Today with Culturalmente Imparando we move to a nation in the southern part of the Pacific Ocean: Vanuatu. More specifically, today we are talking about a tradition that is celebrated every year on the island of Pentecost, the Naghol.
To describe Naghol in a few words, it could be considered as the forerunner of Bungee Jumping. In fact, every year, during the harvest period of the "sweet potato", (or yam, the basis of the food of the inhabitants of the island), the vain men perform in this propitiatory rite as well as demonstration of courage and virility.
In the period from April to June, teenagers of the Sa tribe build tall and rickety towers of freshly cut wood, fixing them without the use of nails or adhesives. These towers have some trampolines at different heights, from the lowest to ten meters up to the highest, which can easily exceed thirty. Every Saturday of this period, the courageous teenagers go to one of the different trampolines and, stripping off their everyday clothes (only the private parts are covered with a penic case) and tying a liana to the ankles, after some songs and prayers addressed to heaven, they rush headlong down the tower.
Naghol represents a rite of passage from adolescence to adulthood for young people. The mothers, who watch the show, bring an object related to their child's childhood, which they will throw away as soon as the rite has ended. But in addition to being a real rite of passage, Naghol represents a propitiatory tradition to guarantee an excellent harvest the following year. The purpose of the jump, in fact, is to get to touch the ground with your hair. The higher the jump, the more prosperous the harvest of the following year will be.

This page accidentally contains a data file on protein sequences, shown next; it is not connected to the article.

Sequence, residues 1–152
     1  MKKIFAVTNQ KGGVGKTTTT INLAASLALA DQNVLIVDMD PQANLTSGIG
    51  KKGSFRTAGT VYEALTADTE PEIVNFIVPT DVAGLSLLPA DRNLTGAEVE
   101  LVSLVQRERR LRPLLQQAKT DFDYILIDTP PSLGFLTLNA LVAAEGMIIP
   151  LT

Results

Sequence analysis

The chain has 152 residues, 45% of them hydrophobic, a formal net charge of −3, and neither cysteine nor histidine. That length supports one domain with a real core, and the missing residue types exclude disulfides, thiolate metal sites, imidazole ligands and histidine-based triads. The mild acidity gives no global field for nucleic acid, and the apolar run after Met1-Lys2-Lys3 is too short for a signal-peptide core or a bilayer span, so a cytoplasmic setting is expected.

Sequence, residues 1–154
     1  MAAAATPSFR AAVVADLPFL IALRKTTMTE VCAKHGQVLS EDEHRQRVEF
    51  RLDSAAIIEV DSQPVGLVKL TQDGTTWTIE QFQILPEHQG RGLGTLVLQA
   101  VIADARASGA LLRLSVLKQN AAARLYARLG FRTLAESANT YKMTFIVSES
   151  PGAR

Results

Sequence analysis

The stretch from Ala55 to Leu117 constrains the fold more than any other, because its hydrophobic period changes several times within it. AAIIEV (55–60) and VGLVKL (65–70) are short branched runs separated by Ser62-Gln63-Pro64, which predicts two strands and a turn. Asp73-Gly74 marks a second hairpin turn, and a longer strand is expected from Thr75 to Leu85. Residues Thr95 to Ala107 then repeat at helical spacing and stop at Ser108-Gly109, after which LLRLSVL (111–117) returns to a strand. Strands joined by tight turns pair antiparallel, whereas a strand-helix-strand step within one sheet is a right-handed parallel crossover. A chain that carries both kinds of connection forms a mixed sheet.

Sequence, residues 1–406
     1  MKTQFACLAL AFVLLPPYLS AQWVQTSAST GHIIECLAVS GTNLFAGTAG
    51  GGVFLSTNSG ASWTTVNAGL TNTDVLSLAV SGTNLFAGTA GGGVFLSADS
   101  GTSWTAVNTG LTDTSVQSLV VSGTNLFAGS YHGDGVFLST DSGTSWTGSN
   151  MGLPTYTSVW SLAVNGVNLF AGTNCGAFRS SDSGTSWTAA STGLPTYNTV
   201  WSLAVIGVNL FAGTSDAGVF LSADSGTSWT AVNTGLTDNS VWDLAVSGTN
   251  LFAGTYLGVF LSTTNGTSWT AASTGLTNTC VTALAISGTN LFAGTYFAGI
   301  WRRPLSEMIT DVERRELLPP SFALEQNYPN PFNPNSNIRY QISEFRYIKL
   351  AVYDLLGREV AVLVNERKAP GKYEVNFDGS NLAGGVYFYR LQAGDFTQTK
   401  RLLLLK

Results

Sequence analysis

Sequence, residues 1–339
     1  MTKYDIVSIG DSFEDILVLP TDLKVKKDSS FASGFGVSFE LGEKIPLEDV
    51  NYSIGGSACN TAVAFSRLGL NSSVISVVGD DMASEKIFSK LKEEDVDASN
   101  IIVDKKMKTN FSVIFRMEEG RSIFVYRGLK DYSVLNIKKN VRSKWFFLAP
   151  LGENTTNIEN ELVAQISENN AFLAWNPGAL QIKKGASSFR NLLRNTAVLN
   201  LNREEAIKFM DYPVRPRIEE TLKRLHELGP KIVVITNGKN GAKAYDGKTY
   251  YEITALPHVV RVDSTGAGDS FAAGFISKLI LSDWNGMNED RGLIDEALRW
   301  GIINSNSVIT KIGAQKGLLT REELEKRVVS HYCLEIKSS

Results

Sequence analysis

Today the Naghol has also become a test of courage for those who love risk and for those who want to show off in the eyes of their loved one. It has recently been opened to the public and tourists, also guaranteeing some income, but despite this, participation is prohibited to foreigners.
The celebration has been going on for decades and there have been only two fatal accidents, one of which occurred in 1974, when Queen Elizabeth was visiting.
In addition to foreigners, participation in Naghol is also prohibited for women. This fact is curious, since legend has it that it was a woman who gave life to this tradition: once upon a time, a young woman, fleeing from her husband, climbed to the top of a hill. When the man joined her, she tied two lianas to her ankles and threw herself. Her husband followed her, but without any kind of rope. This is why it is said that, since then, men have learned their lesson and women, from the height of their awareness, accompany them with songs and prayers.